About Coffee
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Uses Of Coffee
Coffee History
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The Drink


Processing and roasting
Much processing and human labour is required before coffee berries and its seed can be processed into the roasted coffee with which most Western consumers are familiar. Coffee berries must be picked, defruited, dried, sorted, and—in some processes—also aged. Coffee is usually sold in a roasted state, and the roasting process has a considerable degree of influence on the taste of the final product. All coffee is roasted before being consumed. Coffee can be sold roasted by the supplier; alternatively it can be home roasted. Everyday alchemy, coffee roasting coaxes golden flavor from a bland bean. Unroasted beans boast all of coffee’s acids, protein, and caffeine—but none of its taste. It takes heat to spark the chemical reactions that turn carbohydrates and fats into aromatic oils, burn off moisture and carbon dioxide, and alternately break down and build up acids, unlocking the characteristic coffee flavor.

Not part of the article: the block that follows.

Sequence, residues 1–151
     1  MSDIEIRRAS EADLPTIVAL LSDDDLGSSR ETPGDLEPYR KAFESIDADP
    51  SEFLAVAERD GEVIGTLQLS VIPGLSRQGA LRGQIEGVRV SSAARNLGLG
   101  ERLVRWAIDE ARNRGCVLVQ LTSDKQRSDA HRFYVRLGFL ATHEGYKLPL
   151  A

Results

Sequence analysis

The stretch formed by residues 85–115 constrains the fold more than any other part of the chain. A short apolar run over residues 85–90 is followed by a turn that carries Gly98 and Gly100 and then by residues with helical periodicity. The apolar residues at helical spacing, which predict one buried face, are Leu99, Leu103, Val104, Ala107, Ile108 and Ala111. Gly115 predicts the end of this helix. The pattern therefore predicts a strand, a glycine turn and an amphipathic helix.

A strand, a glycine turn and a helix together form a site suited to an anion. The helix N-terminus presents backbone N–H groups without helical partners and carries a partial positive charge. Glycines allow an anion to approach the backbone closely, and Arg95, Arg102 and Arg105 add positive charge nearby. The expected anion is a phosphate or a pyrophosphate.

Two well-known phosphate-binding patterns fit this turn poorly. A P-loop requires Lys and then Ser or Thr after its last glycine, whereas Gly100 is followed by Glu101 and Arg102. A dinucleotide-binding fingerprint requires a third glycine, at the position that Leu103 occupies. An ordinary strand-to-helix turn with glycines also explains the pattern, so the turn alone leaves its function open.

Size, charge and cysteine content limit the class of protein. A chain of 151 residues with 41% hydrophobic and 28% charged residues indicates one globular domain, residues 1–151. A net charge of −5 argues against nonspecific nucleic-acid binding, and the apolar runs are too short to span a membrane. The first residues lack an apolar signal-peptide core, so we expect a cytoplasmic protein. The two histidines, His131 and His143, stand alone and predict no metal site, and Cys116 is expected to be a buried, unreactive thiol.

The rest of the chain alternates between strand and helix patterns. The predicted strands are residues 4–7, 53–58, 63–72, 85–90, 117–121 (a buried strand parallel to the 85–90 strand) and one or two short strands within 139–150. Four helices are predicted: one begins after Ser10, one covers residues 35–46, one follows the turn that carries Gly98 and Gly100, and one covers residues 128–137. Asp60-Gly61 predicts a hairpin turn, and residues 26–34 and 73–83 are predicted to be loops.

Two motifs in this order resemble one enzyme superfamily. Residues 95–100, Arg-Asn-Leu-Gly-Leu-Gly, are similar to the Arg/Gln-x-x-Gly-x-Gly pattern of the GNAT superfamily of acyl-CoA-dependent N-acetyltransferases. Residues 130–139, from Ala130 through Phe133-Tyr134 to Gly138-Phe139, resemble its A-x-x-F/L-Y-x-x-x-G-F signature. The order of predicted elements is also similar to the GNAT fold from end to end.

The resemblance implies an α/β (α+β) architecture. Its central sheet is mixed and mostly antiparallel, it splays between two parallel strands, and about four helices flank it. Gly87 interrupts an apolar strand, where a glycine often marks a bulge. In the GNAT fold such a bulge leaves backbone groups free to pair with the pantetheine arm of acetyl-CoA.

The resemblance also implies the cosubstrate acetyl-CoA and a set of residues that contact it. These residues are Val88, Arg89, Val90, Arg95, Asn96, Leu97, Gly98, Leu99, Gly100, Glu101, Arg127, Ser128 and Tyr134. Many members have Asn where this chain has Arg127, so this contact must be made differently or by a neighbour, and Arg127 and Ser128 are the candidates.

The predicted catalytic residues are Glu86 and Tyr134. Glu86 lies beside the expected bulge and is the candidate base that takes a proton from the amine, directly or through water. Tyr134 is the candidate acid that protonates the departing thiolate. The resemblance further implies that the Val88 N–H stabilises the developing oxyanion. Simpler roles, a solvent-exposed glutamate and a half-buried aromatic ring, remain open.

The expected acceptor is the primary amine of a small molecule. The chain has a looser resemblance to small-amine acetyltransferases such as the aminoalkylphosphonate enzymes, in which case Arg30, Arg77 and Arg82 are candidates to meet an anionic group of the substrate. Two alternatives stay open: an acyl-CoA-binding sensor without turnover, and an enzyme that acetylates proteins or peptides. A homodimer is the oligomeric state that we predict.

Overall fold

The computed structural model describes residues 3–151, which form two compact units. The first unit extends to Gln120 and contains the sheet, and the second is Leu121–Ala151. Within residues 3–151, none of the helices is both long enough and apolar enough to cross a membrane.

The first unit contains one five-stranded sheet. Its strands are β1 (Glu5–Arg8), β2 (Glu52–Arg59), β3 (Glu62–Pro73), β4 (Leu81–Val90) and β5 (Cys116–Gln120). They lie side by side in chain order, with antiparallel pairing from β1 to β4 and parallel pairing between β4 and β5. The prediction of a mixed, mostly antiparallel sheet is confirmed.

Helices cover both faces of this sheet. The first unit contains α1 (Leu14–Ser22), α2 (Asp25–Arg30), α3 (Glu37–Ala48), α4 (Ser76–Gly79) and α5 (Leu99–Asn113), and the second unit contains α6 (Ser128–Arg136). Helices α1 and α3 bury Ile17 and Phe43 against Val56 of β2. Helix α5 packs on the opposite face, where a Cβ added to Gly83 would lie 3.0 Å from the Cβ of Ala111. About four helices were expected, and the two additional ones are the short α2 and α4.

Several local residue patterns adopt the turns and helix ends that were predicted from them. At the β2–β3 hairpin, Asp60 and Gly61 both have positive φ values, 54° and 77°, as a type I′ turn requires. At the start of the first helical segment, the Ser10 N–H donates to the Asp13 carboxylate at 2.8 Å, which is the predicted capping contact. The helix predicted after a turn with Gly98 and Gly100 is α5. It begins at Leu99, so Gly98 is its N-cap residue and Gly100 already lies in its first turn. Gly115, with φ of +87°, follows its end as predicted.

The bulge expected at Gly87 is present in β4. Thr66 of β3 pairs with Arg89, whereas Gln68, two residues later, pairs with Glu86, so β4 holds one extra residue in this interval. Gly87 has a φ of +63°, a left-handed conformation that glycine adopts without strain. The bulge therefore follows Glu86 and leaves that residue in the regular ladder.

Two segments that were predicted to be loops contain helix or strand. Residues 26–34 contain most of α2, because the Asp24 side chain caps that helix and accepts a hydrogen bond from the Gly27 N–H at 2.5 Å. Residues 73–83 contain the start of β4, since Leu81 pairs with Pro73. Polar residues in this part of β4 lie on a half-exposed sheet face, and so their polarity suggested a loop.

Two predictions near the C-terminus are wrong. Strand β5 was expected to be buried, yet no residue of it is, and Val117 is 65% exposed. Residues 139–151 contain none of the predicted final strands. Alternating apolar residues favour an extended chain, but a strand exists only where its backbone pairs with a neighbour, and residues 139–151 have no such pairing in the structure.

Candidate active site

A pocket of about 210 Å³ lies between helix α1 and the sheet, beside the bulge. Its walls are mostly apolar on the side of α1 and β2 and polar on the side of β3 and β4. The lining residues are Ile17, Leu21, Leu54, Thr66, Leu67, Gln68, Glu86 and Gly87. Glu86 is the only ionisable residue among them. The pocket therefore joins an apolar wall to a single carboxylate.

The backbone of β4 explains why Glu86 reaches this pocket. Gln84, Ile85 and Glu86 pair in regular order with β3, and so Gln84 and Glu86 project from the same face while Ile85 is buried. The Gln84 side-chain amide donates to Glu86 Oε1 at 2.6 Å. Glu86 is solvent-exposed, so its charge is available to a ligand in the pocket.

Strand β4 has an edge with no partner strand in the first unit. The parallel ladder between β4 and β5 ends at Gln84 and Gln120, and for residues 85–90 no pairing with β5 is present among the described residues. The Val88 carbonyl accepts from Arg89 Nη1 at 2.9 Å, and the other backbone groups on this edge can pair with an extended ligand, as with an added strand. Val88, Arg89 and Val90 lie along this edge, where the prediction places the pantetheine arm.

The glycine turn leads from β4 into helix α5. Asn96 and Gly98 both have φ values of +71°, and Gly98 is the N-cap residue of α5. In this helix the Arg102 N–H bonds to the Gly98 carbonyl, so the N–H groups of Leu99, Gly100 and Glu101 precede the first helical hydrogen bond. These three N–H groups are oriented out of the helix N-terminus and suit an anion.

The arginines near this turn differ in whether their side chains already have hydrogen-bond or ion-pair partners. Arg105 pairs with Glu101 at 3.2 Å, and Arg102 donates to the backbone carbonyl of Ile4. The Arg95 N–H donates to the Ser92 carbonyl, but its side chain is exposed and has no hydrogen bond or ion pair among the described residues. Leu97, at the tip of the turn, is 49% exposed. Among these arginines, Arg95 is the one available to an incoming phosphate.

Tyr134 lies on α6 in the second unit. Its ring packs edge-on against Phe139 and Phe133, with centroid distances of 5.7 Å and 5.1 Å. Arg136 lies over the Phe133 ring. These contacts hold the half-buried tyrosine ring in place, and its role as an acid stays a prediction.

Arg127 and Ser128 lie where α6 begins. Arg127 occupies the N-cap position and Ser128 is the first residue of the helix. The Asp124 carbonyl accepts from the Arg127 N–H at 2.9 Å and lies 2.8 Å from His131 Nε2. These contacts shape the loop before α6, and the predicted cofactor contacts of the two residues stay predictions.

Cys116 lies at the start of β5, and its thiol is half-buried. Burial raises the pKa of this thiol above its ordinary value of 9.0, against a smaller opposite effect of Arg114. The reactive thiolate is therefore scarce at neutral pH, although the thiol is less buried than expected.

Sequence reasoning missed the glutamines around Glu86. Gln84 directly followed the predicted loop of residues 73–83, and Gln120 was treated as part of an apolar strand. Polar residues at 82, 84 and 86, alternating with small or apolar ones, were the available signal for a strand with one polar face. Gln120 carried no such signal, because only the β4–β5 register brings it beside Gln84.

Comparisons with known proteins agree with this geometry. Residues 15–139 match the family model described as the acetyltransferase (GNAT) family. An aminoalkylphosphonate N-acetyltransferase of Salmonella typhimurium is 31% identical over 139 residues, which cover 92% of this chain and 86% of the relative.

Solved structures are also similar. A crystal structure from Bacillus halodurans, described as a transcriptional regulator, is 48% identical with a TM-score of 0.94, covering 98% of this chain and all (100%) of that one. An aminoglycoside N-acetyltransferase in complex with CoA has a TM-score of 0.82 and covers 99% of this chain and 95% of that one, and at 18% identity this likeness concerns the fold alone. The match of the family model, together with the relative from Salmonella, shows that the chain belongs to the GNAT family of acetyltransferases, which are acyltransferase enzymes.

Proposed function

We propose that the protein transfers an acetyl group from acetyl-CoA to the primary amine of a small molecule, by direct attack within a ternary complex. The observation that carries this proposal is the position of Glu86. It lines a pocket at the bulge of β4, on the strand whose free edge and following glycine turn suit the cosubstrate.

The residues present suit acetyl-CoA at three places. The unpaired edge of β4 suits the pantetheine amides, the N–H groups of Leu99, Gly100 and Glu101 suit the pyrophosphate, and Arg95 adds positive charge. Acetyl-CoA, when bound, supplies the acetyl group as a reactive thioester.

The processing of coffee typically refers to the agricultural and industrial processes needed to deliver whole roasted coffee beans to the consumer. Grinding the roasted coffee beans is done at a roastery, in a grocery store, or at home. It is most commonly ground at the roastery and sold to the consumer ground and packaged, though "whole-bean" coffee that is ground at home is becoming more popular despite the extra effort required. A grind is referred to by its brewing method. "Turkish" grind, the finest, is meant for mixing straight with water, while the coarsest grinds, such as coffee percolator or French press, are at the other extreme. Midway between the extremes are the most common: "drip" and "paper filter" grinds, which are used in the most common home coffee brewing machines. The "drip" machines operate with near-boiling water passed in a slow stream through the ground coffee in a filter. The espresso method uses more advanced technology to force very hot (not boiling) water, through the ground coffee, resulting in a stronger flavor and chemical changes with more coffee bean matter in the drink. Once brewed, it may be presented in a variety of ways: on its own, with sugar, with milk or cream, hot or cold, and so on. Roasted arabica beans are also eaten plain and covered with chocolate. See the article on coffee preparation for a comprehensive list. A number of products are sold for the convenience of consumers who don't want to prepare their own coffee. Instant coffee has been dried into soluble powder or freeze dried into granules, which can be quickly dissolved in hot water for consumption. Canned coffee is a beverage that has been popular in Asian countries for many years, particularly in Japan and South Korea. Vending machines typically sell a number of varieties of canned coffee, available both hot and cold. To match the often busy life of Korean city dwellers, companies mostly have canned coffee with a wide variety of tastes. Japanese convenience stores and groceries also have a wide availability of plastic-bottled coffee drinks, which are typically lightly sweetened and pre-blended with milk. Lastly, liquid coffee concentrate is sometimes used in large institutional situations where coffee needs to be produced for thousands of people at the same time. It is described as having a flavor about as good as low-grade robusta coffee, and costs about 10 cents a cup to produce. The machines used to process it can handle up to 500 cups an hour, or 1,000 if the water is preheated.

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